I'm about to see Pioneers of Television:The Westerns. It looks like one of the featured shows is Wild, Wild West. Now I never really seen this series but I know it had a LOT of fantastic aspects and gimmicks. So do you consider it a Western first or a Sci-Fi show set in the Wild West?

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I consider it a Western myself. I didn't get into the series until my late teens (18 or 19 I know I was in college), and boy did I get into it! I would stay up until 3-4 AM (it didn't seem to have a set time) to watch it on local TV.

I never put any thought into it. I guess I'd call it a western first, sci-fi second. Keep in mind that I haven't watched it in a long time.

 

The Adventures of Brisco County, Jr., on the other hand, I have seen recently and consider to be sci-fi first and western second. 

 

Anybody besides me remember the TV series Legend? It starred Richard Dean Anderson and John de Lancie. It was very much sci-fi first and western second. It was also wonderful.

I never thought about it much, but I guess it's science fiction to the same extent that any James Bond movie is science fiction.

 

On the other hand, in my personal library, I have The Best of Science Fiction TV*, and author John Javna and his panel of experts ranks The Wild Wild West as No. 8 in the top 15.

 

* Companion books in the set: The Best of TV Sitcoms, and The Best of Crime and Detective TV, co-written with Max Allan Collins.

I have two of those books. The amazing thing is that Lost In Space, a focal point in the Sci-Fi episode was ranked #6 in the Worst Sci-Fi show list! But then it was published in 1987(!!) so opinions may have changed!

Of special note here, Doctor Who, with only seven Doctors at this point, was #5 Best Sci-Fi TV!

Wonder what the rankings would be now? 

I think it depends on the definition of "Best" and "Worst."  A show can be god-awful sci-fi (or whatever the genre is) and still be fondly remembered and embraced by fans.  Lost in Space started off as half-way decent sci-fi but slid down the slope into camp pretty quickly.  That didn't stop me from buying the DVDs.  Bill Mumy, the Robot and Jonathan Harris going over the top are, to my mind, far more entertaining than the "how can we (realistically) survive on an alien world" plots.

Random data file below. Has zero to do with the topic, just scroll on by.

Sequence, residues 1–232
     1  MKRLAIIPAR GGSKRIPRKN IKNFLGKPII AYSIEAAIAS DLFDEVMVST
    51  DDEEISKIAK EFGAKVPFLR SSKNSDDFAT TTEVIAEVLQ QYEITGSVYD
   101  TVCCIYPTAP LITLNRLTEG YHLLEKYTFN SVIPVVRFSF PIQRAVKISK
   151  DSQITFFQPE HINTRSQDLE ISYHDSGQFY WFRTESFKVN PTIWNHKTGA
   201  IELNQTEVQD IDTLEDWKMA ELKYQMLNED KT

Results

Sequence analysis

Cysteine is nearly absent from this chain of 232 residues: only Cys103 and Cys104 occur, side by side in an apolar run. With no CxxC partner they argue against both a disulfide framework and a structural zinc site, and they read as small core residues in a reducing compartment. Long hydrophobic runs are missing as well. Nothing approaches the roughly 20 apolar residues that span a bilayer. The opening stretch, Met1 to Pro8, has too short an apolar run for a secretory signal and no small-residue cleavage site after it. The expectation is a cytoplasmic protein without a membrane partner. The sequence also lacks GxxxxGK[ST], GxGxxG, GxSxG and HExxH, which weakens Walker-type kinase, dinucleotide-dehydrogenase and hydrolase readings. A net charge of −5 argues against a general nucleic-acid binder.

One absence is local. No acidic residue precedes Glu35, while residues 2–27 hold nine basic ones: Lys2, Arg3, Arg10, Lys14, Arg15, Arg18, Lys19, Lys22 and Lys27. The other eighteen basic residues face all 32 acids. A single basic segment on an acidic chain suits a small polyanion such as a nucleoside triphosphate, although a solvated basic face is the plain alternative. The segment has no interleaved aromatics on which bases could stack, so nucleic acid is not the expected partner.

If you consider steampunk as a science fiction sub-genre, and the Wild, Wild West may be the godfather of steampunk, then the show could be classified as science fiction. I always thought of  WWW as part of the mid-sixties spy boom along with I Spy, Man From UNCLE, Mission Impossible etc. Most of the secret agent shows had a few sci fi elements, The Wild, Wild West just happened to be set in post Civil War America rather than modern day like the others.

I didn't discover the series until high school, but do love it and have all but the last season on DVD now.

The Wild, Wild West was as much a product and reflection of its time as Star Trek, The Man from U.N.C.L.E.; etc.

It is a fond remembrance of the past and I would classify it as a western because none of the gadgets on the show were as far fetched as you might think. Granted, no one back when the series was supposed to have taken place actually thought of such devices, but everything was technically possible, given the science of the day.

I have the first season on DVD and it is obvious the creative team was trying to find the proper direction to take the series. A couple of the early episodes are fairly straightforward westerns in approach while others focus on espionage or crazed villains. In the commentary for one episode, Robert Conrad mentions the point when they realized it was the villains with the wild weapons that made the show click and the series had found it's groove.

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